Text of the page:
The national weather service issued a red flag warning for Hampden County meaning the conditions – high winds and low humidity – pose a high risk for fires getting out of control.
“Outside burning is prohibited,” warned Lt. Dennis Foley of the West Springfield Fire Department. “If there was to be a fire, people need not to extinguish it themselves because the time that they take trying to get that hose connected to the house and get to the fire, the fire has already grown 2 to 3 times what it was when they left. That time should be spent calling the fire department.”
Foley says these risks are greatest for the 2 to 3 weeks after winter snow has melted…and right before April showers begin. It’s when all of the dry leaves and twigs can help spread fire with the windy conditions…which also marks the start of brush fire season.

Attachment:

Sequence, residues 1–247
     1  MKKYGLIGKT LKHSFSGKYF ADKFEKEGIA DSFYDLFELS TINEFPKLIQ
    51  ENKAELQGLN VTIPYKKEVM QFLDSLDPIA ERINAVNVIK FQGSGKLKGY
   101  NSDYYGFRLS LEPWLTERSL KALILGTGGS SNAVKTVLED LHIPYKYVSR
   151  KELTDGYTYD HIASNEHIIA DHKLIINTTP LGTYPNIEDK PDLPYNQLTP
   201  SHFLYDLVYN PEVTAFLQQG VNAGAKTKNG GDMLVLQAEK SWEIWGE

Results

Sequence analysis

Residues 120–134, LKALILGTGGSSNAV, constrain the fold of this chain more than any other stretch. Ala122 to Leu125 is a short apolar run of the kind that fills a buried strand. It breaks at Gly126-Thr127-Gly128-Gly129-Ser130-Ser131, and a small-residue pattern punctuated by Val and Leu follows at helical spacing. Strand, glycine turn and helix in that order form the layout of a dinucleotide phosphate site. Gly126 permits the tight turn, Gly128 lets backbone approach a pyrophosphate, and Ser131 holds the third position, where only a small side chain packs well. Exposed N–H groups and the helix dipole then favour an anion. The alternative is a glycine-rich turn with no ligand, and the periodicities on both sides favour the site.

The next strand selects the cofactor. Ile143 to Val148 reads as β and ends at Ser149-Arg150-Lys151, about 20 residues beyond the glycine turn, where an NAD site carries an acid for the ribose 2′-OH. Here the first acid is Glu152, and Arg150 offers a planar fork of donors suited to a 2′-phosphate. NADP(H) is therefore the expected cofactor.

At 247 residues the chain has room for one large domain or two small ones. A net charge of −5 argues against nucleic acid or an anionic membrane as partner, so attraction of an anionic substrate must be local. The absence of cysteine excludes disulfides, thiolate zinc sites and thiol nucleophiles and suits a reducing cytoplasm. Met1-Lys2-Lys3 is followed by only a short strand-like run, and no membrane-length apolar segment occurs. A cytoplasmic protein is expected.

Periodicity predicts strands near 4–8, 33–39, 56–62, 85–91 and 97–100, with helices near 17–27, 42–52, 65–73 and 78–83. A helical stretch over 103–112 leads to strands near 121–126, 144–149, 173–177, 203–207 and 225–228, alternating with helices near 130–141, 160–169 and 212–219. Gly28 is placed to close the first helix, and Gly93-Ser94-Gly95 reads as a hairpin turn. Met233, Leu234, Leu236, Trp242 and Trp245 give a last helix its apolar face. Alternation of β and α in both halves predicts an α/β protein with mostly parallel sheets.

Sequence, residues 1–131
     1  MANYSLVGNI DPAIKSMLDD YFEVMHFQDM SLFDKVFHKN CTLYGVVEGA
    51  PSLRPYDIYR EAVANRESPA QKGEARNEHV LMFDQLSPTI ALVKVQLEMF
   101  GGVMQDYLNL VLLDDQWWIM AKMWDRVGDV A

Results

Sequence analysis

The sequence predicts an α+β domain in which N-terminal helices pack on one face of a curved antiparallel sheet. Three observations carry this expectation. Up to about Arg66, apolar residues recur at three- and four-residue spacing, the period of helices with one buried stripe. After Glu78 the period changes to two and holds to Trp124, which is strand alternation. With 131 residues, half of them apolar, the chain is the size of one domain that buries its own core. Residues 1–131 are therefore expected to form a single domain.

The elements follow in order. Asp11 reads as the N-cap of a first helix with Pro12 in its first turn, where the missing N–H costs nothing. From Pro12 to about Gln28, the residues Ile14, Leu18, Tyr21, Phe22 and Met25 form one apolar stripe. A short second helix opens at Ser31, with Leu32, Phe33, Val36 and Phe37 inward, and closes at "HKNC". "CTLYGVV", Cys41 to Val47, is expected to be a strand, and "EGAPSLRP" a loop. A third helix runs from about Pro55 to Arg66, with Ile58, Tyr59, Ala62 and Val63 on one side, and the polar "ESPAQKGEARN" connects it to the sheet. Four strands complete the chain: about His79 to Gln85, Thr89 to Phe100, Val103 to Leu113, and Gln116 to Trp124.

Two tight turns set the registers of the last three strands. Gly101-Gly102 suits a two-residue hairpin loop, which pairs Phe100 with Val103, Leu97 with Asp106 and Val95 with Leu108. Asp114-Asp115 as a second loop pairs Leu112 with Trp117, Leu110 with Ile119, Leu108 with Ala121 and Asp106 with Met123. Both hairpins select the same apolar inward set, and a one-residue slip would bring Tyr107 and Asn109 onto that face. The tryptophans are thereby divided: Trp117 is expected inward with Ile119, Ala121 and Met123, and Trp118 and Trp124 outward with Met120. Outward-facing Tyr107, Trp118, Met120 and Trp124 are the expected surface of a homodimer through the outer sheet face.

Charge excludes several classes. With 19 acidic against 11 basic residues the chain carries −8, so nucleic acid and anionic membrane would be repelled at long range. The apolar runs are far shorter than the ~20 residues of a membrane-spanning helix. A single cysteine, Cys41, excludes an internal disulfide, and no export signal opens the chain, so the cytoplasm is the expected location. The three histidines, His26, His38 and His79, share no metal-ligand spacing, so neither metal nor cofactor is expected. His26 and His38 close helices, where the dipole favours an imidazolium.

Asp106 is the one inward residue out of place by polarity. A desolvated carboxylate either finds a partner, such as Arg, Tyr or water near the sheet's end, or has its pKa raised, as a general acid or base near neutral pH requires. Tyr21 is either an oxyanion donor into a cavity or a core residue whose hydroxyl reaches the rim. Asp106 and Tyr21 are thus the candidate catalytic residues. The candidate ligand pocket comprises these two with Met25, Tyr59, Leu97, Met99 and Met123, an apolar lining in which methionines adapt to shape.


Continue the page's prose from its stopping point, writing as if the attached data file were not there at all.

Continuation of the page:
“Brush fires can start from any heat source really,” explained Foley. “The simplest one is a discarded cigarette. Someone flips one out the window or throws one off a deck it hits some dry leaves, gets covered it smolders for a bit discarded things in trash, smoldering ashes, 48 to 72 hours. Something as simple as a car being parked on a pile of leaves.”
Foley and his men are preparing for that by switching out fire truck’s hoses specifically for brush fires.
He advises that people should clear out the dry leaves underneath their decks and if they think they’ve dropped something… and don’t hesitate to wet the ground & call their local fire department.
Throughout the summer Lt. Foley says the risks should decrease… tapering off with the first snow.